TODAY   |  October 29, 2012

FEMA chief: Inland damage is a real concern

FEMA’s Craig Fugate Tells TODAY’s Savannah Guthrie that while they are keeping an eye on Sandy’s coastal impact, the organization is particularly concerned with what damage may occur inland, reminiscent of Hurricane Irene’s aftermath.

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This content comes from Closed Captioning that was broadcast along with this program.

>> craig fugate is the fema administrator. mr. fugate , good morning to you.

>> good morning.

>> i'll start with the simple question. are you ready?

>> we've been getting red for the last couple of days. the biggest question with sandy is where and how much damage are we going to see?

>> you said when talking to your employees think big . what is your most pressing concern right now?

>> well, the most immediate thing is that people have evacuated or are evacuating from storm surge , but we're also looking at impacts well inland, and generally with hurricanes you tend to focus on the center. this has got a lot of impacts far away . i mean, i have not been around long enough to see a hurricane forecast with a snow advisory in it.

>> let's go back to evacuations for a minute. do you feel that people in fact are heeding the warnings and getting out of the danger areas?

>> well, i don't know specifically. i hope so, but i've seen the governors and the local officials have gotten out early. they have been doing a good job of messaging. it's really people need to act, and, again, they put up the information. they have given people direction. hopefully people have acted and have gone somewhere safe for the storm.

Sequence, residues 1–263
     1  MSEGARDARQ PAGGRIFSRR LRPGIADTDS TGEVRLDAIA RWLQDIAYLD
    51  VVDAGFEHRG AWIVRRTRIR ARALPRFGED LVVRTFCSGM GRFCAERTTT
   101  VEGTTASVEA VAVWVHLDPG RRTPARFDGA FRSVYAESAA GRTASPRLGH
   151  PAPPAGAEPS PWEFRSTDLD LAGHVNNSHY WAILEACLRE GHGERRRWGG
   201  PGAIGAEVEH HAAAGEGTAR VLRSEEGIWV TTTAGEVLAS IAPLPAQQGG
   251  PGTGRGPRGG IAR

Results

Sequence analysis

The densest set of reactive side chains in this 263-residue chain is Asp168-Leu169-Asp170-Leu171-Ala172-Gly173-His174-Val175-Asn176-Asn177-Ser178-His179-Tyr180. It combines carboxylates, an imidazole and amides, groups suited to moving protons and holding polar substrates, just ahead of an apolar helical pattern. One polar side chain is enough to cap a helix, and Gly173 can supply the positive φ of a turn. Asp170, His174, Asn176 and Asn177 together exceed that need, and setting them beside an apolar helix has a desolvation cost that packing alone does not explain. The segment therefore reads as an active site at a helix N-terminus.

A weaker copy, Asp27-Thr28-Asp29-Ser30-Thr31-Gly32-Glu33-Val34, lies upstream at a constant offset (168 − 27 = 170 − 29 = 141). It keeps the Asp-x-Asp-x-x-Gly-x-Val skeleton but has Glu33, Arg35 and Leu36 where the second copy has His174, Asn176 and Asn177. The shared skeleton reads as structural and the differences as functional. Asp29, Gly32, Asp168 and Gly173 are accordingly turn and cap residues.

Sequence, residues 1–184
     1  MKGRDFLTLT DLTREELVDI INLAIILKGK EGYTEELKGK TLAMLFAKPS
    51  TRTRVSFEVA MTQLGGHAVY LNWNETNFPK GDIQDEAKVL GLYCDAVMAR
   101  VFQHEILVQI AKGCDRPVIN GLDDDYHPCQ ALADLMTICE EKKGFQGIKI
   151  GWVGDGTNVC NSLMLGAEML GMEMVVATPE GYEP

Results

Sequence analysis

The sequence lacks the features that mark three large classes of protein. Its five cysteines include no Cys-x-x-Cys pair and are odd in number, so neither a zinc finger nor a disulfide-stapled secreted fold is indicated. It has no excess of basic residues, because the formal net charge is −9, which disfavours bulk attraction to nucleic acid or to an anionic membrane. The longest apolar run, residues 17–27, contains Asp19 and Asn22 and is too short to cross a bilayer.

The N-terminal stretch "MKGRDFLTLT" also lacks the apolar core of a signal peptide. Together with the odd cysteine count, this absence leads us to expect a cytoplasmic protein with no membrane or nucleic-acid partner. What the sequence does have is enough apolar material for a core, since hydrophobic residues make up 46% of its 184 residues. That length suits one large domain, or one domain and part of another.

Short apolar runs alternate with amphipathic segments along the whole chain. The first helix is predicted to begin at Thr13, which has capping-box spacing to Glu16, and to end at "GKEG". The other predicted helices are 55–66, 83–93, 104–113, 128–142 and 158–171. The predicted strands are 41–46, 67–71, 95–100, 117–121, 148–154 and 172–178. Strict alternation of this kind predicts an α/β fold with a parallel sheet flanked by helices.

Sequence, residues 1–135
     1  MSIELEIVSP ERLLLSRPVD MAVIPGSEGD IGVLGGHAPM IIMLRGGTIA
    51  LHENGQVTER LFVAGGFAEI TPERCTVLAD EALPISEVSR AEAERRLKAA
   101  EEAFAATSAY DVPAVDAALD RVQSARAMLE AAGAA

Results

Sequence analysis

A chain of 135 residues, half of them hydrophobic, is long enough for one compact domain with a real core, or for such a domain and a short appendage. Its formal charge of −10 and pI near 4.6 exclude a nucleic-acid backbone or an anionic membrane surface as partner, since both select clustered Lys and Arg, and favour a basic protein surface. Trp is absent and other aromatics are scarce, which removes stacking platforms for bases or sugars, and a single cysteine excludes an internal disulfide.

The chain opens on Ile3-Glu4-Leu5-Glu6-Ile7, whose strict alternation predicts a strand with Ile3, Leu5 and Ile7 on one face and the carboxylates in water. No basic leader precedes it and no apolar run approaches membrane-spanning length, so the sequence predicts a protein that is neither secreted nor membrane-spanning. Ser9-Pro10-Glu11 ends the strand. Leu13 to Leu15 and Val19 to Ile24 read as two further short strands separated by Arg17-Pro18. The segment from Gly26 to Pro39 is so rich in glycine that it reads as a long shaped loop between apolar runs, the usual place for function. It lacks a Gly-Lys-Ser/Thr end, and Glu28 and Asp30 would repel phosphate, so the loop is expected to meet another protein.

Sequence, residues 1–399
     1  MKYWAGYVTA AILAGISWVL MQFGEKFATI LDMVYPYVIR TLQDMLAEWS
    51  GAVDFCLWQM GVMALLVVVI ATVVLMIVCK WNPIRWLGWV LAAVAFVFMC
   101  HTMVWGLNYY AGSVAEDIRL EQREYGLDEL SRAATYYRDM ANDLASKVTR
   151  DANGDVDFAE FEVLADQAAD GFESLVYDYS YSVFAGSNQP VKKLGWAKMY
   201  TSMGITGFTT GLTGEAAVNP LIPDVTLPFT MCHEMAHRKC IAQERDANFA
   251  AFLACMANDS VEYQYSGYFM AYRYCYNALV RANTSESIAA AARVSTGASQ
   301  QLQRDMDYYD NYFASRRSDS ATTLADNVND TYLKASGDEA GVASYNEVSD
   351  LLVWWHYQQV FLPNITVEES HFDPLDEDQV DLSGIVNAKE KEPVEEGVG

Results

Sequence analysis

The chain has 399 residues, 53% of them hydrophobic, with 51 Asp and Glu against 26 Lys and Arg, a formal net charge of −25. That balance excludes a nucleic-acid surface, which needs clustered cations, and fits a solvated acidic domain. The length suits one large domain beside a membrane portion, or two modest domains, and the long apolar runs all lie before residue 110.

>> you mentioned the magnitude of this storm. can you give us a severance what's been mobilized to deal with some of the impact?

>> well, we've got teams basically all the way from down in north carolina where it was earlier impacted in the outer banks and all the way to maine. we have teams in states as far inland as west virginia . we've been moving generators and basic supplies that we would need after the storm, so it's a large response area, but we also have a lot of good teams with the states and their folks working together getting ready.

>> power outages are expected to be one of the big impacts of this storm. is there any way to prevent a power outage , to kind of ward it off, or do you just have to be prepared to deal with the aftermath?

>> you need to be prepared. again, we're not expecting the winds themselves inland to be that, you know, damaging, the homes and structures, but we do think trees are going to get impacted. limbs coming down will probably be the biggest problem knocking down the power grid .

>> you told your staff on sunday to prepare for what the ifs, to not be complacent. what are the scenarios you're most worried about at this point?

>> well, it's kind of going to be as the storm comes ashore. first will be the coastal impacts and then the wind nothinging out power, and then heavy rain, where we may get flash flooding , but in some cases we may not have river flooding for several days so i don't want people to think it's not that bad when it comes ashore. if you remember with hurricane irene , some of the worst impacts were well inland, like in the state of vermont

>> i know it's hard to ask at this point, but do you have any estimate of how much damage from a monetary standpoint this might cause? i mean, are we talking billions?

>> too early to say, and, again, our forecast is on life safety. we're prepared to support recovery. we can get the dollar figures after the storm, but we want people to be safe, so we're talking about dollar figures, not loss of life.

>> fema administrator craig fugate , a busy morning for you. thanks for being with us.